General Block Exemption Regulation

The General Block Exemption Regulation (GBER) harmonises the rules which previously existed across five separate Regulations, and enlarges the categories of state aid covered by the exemption.

As well as encouraging Member States to focus on aid that will be of real benefit to job creation and competitiveness, the Regulation reduces the administrative burden for the public sector, the beneficiaries and the European Commission.

From 1 July 2014 a new GBER was adopted which includes additional categories and provisions for awarding compliant state aid.

From 10 July 2017, the GBER was expanded to include ports and airports, to increase the scope of existing articles, and to give additional eligible costs and upper thresholds.

Sectoral restrictions

The GBER applies to all sectors of the economy with some exceptions. Sectoral restrictions are set out in Article 1, paragraphs 3-5 of the Regulation and include specific activities in the fishery and aquaculture sectors, in the primary production of agricultural products, the coal sector, the steel sector, shipbuilding and the synthetic fibres sector.

Provisions

The current GBER will remain in force until 31 December 2020 and authorises aid in favour of:

  • Regional Investment
  • Aid to SMEs
  • Aid for access to finance for SMEs
  • Environmental Protection
  • Consultancy in favour of SMEs
  • Research, Development and Innovation
  • Training
  • Employment of Disadvantaged and Disabled Workers
  • Culture and Heritage conservation
  • Local Infrastructures
  • Broadband Infrastructures
  • Sport and multifunctional recreational infrastructures
  • Transport for residents of promoted regions

Each of the GBER articles which cover the activities listed above lists the eligible costs which may be assisted and the aid intensities (limits) which apply to these activities.

Cumulation

To ensure that relevant maximum aid intensities or aid amounts are not breached, all forms of public funding used to fund eligible project costs must be taken into account and cumulated, irrespective of whether the support is financed from local, regional, national or community sources.

Example 1:

The Scottish Government wishes to award grant funding to an R&D&I project under Article 25(d) of the GBER. The total project costs are £200,000 and the maximum aid intensity set out in Article 25(d) is 50%.

Project funding is listed as follows:

  • Local Authority – £30,000 grant
  • Company’s own contribution – £80,000

As the maximum aid intensity is 50% of eligible project costs, the maximum funding from public sources for this project is £100,000 (50% x £200,000).

£30,000 of the project’s funding is being provided by the local authority (public funds). This must be cumulated (added) to all other forms of public support to avoid breaching the aid intensity.

The maximum public funding  that can be awarded to avoid breaching the aid intensity is therefore £70,000 (£70,000 + £30,000 = £100,000)

Aid exempted by the GBER can be supported by other aid exempted by the GBER as long as those aid measures concern different identifiable eligible costs (For example two or more GBER Articles can be used to support clearly divisible project costs without recourse to cumulation).

Aid exempted by the GBER shall not be cumulated with De Minimis aid relating to the same - partly or fully overlapping - eligible costs if such cumulation would result in exceeding the highest aid intensity or aid amount applicable to this aid under this regulation.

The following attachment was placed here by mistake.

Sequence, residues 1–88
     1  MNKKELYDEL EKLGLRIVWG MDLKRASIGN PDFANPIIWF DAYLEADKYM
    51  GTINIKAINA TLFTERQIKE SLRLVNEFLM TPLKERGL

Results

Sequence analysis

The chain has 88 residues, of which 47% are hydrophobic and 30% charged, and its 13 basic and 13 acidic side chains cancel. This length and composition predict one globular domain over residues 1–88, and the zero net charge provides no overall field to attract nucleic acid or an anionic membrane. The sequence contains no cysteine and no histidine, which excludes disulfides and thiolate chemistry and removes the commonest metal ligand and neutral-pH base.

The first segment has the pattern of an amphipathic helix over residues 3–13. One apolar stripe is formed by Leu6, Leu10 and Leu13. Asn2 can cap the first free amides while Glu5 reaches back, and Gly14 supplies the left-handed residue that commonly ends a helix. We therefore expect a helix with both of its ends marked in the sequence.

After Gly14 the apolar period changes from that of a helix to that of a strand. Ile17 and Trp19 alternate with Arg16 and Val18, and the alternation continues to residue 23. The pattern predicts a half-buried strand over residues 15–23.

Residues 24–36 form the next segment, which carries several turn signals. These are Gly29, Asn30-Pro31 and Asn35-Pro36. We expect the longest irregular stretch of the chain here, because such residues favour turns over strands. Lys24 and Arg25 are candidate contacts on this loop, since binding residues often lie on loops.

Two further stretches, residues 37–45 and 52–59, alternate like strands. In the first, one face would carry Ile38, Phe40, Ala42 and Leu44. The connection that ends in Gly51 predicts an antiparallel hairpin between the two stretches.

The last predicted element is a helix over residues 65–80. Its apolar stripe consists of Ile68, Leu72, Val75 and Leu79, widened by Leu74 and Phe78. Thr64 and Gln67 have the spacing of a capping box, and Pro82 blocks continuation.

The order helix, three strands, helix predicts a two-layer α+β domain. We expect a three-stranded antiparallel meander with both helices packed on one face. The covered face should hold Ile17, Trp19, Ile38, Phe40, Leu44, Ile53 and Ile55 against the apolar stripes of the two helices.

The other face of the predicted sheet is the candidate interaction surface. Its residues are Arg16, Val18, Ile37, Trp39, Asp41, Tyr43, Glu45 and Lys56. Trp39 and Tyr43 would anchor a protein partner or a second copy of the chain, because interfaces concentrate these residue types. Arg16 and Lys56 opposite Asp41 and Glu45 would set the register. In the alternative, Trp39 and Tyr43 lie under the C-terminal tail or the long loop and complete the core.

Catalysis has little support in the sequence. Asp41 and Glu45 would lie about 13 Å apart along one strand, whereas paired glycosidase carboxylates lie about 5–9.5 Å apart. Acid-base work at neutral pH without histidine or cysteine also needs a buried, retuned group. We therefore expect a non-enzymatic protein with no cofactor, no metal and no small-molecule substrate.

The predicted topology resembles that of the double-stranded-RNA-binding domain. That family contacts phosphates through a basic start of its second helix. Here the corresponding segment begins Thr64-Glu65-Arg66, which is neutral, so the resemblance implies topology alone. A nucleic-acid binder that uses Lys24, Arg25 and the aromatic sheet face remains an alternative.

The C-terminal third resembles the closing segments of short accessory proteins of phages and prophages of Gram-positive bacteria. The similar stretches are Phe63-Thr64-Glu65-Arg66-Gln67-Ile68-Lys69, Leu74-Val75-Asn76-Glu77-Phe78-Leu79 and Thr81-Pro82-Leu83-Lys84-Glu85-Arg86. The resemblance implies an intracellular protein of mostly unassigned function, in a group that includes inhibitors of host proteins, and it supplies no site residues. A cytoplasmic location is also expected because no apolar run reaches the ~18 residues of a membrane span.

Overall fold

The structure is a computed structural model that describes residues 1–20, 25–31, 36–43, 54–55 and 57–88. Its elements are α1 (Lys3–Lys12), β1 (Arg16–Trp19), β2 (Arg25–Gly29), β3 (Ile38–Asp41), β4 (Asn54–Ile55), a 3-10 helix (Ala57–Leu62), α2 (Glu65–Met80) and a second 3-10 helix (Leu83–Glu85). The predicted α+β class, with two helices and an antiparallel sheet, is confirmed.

Example 2:

A small community based manufacturing company is seeking funding to employ workers with disabilities.

Grants will be awarded from two funding bodies under the terms of -

  • Article 33 - Aid for the employment of workers with disabilities in the form of wage subsidies (Maximum aid intensity shall not exceed 75% of eligible costs)
  • Article 34 -Aid for compensating the additional costs of employing workers with disabilities (Aid intensity shall not exceed 100% of the eligible costs)
     

GBER cover

Public funding source  X

Public funding  source Y

Wage subsidies (Art. 33)

Eligible costs = £20,000

£10,000

(50%)

£5,000

(25%)

Additional costs (Art. 34)

Eligible costs = £10,000

 

£9,000

(90%)

The manufacturing company can receive grants from both funding bodies towards wage subsidies for disabled workers, however the combined awards must not exceed £15,000 (75% of the eligible costs).

However, the company may receive an additional grant towards the additional costs such as adaptations to the premises up to 100% of these costs as this is a separate identifiable cost. 

Notification

Member States must provide the EC, within 20 working days of granting aid under a new scheme with the required, electronic, summary notification information. This can be done with the help of the State Aid Team.

Annual reporting

Member States must compile an annual report to be submitted to the State Aid Unit on request; for on-pass to the EC within three months after the expiry of the period to which the report relates. The EC provides each scheme or ad hoc aid notified under this BER with a unique reference number. This should be quoted for annual reporting requirements. Public funders may also wish to inform aid recipients of this number when granting aid.

Member States are required to keep detailed records of aid schemes operating under GBER for 10 years from the date of granting each aid. Member States must also, on written request, provide the EC, within 20 working days, with all the information the EC considers necessary to assess that the conditions of the GBER have been observed.

Contact the State Aid Team for more information.